The Futropolis theme is interesting but at the same time complicated. It’s very abstract, everyone can interpret it in very different ways. That’s why it’s hard sometimes for people to understand your vision. And because there are both architectural and natural elements, it becomes even more challenging! You don’t want something that’s cliché, you’re looking for something that hasn’t been done before. So yeah, it’s quite a challenge.

What do you think the biggest challenge will be?

To find the right shapes for pastry. They need to be unique, creative and completely new. Creating the right flavours won’t be too difficult. The challenge will lie in finding the right shapes and formats to put these flavours in.

What will be the future trends in pastry and chocolate?

In pastry, I think we are moving towards natural flavours. Everything will taste fresh and pure, with less use of gelatinized agents. Today’s consumers are looking for handmade products.  Flavourwise, people will treasure the familiar taste of their childhood and mix it with new elements. They’ll crave for something that’s recognizable and easy to eat.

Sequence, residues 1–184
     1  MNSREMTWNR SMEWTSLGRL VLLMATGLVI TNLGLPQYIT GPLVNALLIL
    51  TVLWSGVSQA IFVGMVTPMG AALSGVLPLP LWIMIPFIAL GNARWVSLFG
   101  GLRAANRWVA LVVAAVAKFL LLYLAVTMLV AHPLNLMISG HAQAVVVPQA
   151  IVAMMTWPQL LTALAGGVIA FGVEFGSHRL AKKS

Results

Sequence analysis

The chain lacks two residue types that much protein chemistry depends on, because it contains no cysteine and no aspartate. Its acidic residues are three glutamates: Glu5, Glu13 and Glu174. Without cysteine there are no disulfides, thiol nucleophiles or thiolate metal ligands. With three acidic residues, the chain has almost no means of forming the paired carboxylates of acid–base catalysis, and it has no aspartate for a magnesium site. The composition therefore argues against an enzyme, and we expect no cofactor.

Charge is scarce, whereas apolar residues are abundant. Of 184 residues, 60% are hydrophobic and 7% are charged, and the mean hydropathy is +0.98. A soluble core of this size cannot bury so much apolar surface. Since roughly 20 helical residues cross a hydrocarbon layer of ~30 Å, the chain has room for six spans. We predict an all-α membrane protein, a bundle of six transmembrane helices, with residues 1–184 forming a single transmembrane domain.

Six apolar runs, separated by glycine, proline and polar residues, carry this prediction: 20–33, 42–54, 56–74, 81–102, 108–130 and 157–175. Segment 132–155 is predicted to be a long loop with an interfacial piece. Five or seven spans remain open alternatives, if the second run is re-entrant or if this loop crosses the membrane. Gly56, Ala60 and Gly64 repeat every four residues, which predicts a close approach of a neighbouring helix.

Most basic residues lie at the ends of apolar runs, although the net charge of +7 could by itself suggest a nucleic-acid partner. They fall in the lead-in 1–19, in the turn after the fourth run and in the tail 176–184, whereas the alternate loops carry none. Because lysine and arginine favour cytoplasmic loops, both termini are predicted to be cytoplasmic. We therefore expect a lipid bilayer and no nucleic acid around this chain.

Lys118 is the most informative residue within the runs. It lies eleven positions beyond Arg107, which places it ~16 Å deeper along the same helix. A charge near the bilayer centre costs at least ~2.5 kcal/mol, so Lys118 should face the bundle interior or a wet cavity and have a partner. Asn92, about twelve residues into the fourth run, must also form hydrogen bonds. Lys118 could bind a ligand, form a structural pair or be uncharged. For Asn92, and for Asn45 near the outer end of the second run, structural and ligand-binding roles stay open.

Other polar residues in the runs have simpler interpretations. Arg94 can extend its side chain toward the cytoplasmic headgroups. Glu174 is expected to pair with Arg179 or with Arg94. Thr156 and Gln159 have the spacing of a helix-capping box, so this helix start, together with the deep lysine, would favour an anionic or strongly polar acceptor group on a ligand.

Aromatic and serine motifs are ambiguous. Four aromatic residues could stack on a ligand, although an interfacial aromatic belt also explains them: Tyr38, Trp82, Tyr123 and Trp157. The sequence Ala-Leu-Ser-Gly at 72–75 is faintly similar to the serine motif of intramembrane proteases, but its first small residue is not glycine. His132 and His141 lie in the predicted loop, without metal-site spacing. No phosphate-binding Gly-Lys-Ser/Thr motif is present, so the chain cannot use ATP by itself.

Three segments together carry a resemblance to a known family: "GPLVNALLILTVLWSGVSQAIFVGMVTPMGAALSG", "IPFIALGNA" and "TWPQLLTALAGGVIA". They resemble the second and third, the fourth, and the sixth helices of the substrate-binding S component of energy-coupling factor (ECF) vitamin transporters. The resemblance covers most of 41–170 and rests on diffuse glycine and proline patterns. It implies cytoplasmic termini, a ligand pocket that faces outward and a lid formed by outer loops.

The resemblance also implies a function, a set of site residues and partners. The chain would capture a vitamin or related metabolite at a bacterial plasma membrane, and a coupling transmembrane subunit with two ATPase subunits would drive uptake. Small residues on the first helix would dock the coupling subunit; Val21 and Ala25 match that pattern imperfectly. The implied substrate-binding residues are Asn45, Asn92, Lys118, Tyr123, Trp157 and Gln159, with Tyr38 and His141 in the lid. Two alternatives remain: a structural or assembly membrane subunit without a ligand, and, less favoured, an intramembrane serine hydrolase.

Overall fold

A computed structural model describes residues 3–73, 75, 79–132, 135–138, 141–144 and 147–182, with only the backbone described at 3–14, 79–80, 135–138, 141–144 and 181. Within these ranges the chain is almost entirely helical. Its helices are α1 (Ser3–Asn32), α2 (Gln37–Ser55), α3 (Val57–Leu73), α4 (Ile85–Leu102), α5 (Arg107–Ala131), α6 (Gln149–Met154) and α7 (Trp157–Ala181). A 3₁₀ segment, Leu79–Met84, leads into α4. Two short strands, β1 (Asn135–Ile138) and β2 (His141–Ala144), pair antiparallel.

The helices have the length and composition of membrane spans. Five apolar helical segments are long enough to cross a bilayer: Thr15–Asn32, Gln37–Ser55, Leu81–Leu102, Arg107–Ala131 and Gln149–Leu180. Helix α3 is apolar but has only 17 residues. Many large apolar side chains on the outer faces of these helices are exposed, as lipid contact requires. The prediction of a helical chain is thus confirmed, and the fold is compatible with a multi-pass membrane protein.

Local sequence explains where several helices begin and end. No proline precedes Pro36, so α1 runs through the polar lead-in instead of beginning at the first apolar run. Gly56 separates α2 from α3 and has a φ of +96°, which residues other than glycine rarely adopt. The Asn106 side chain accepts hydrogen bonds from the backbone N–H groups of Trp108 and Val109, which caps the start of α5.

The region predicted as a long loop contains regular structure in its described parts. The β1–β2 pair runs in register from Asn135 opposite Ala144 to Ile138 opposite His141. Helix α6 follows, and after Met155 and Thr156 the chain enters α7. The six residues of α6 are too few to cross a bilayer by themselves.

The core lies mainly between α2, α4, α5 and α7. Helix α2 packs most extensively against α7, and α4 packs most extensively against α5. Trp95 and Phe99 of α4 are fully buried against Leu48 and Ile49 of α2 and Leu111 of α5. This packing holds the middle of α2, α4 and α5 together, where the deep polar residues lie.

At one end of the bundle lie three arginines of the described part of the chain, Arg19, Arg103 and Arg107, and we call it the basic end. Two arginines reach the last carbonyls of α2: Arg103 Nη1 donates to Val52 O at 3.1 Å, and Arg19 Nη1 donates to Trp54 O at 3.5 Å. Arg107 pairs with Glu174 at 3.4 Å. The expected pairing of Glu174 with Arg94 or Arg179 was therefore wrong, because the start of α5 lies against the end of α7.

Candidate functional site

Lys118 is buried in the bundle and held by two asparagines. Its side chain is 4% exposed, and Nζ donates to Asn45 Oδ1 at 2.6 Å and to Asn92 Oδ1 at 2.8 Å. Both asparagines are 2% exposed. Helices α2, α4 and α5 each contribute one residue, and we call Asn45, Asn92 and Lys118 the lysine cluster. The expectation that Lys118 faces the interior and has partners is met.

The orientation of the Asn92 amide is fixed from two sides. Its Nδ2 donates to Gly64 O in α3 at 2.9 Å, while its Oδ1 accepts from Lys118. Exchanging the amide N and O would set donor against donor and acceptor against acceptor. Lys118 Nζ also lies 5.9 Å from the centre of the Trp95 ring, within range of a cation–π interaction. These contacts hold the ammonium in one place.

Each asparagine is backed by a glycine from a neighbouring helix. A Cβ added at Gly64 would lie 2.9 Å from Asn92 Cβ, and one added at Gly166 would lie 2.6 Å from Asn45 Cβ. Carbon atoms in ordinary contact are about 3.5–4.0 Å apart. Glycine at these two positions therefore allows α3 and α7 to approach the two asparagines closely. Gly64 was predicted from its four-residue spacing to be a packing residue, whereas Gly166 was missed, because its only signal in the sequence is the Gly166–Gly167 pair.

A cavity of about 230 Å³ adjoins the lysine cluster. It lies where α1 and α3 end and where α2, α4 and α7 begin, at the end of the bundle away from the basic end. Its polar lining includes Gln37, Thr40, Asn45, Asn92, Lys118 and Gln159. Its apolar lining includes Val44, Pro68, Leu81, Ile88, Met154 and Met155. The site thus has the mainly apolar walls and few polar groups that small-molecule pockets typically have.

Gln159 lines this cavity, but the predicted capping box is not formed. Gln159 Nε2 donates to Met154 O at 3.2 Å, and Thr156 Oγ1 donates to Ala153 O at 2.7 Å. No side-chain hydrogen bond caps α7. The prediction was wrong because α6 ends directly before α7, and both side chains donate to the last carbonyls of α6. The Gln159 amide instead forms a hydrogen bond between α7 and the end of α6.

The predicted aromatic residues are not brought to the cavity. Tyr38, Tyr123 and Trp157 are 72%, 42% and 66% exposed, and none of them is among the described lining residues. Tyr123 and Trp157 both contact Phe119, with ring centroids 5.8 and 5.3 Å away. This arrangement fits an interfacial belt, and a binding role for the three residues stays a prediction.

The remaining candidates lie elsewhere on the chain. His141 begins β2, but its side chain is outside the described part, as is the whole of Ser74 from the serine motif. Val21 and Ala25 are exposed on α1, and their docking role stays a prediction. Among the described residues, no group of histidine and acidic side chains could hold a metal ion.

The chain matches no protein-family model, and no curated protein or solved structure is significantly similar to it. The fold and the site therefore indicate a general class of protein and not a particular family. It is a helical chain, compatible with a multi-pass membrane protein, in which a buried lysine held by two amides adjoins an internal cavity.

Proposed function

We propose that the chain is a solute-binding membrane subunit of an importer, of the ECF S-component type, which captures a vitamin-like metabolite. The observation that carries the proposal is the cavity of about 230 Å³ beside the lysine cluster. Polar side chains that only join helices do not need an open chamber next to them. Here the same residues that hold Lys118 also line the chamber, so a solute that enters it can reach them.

Which trends do you love/hate?

I like the simplicity of French chefs. They often use clean finishings with only a few flavour combinations. It’s elegant and not overcomplicated. A chocolate trend I don’t like is using too many bright colours.

What does Futropolis mean to you?

I think Futropolis symbolizes the connection between cities and nature. Future cities will become greener, more sustainable and environmentally aware. That’s why it’s important to incorporate urban aspects as well as natural elements in my creations.

Would you like to live in a city like Futropolis?

I think I would! The city would be quite comfortable to live in. Here in Sydney, we have a couple of buildings that remind me of Futropolis because they combine their futuristic looks with green nature. They look very beautiful and certainly not as daunting as some other buildings do. They really make you feel like you’re in the middle of nature.